Whatever kind of furniture or appliances you have, the worktop can make a key difference to your kitchen. It’s therefore important to choose the right material and style to suit your needs.
You may well choose a worktop (countertop) for its looks and how it compliments or contrasts with your units, but it’s important to think about the practical side too. Ideally you need something that’s durable enough to cope with the demands of everyday life, resists heat and moisture, is easy to clean and won’t stretch your budget. No one material is going to satisfy all of these needs so it’s vital to set your priorities and decide which factors matter to you most.
The material that most people are likely to think of first is wood. It comes in a variety of finishes; beech kitchen worktops are particularly popular. Wood has natural anti-bacterial properties and it’s easy to repair if it gets damaged. A thin coat of oil twice a year will prevent it from drying out and stop water from penetrating especially important close to sinks, where rust stains can occur.
A variety of different woods are used to make worktops, so you can choose something that fits with your style and color scheme, whether you want light and airy, or dark and exotic. There’s little wonder that beech kitchen worktops are often chosen as they look good, with a prominent grain to provide style and character.
Setting your style
The worktop that you choose should be a reflection of your overall style, fitting in with the rest of the home decor that you have chosen. As the kitchen is the heart of the house, there is often a lot of entertaining done here. The rest of your home may be designer perfection, but if the kitchen doesn’t match the standards that you have tried to achieve elsewhere, then you’ll be in danger of giving guests and visitors the wrong impression.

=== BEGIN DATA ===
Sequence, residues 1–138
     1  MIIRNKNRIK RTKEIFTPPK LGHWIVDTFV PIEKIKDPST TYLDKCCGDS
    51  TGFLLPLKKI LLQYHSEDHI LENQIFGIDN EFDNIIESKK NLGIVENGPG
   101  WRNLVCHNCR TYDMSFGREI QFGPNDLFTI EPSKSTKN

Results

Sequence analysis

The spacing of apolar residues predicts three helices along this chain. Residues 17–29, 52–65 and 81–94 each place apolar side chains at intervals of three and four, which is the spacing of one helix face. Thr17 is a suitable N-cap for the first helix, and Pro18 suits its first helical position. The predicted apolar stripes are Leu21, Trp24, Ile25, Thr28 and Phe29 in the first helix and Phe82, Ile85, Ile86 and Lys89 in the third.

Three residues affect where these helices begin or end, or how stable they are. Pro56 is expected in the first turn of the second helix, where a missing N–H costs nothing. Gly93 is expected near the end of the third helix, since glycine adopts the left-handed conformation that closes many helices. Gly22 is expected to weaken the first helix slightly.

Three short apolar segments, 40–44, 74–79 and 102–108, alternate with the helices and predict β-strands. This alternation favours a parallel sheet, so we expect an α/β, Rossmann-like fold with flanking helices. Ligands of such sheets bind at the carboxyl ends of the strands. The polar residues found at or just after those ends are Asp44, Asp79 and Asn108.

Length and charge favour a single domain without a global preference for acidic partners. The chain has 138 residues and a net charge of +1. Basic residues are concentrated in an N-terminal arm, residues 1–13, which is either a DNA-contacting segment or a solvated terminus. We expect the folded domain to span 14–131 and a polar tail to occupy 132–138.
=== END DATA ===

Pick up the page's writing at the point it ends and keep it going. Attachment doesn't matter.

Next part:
Some people like the idea of granite worktops. These again are a natural material and have an attractive, mottled look. The cool surface is ideal for baking and they’re resistant to water and most stains. They need to be cleaned carefully though as aggressive cleaning solutions will dull the surface. Granite is also very heavy, so the units underneath may need to be reinforced to take the weight.
Stainless-steel worktops and strong and hygienic as well as being resistant to heat, moisture and stains. They can scratch if you use abrasive cleaners though and not everyone likes the industrial look that they convey.
An interesting modern alternative for worktops is glass. It’s waterproof and hygienic and adds a dramatic touch. Openings for sinks and hobs can be cut out for a seamless surface, but it may not be suitable for family kitchens.
No matter which worktop you choose, from granite to beech kitchen worktops, ensuring that it is both practical and beautiful will make all the difference to your kitchen and will help set the tone for the rest of your home decor.
Ken Smith is an experienced kitchen designer and freelance writer. He prefers the natural style of wood worktops because of their natural beauty; to know more visit this page.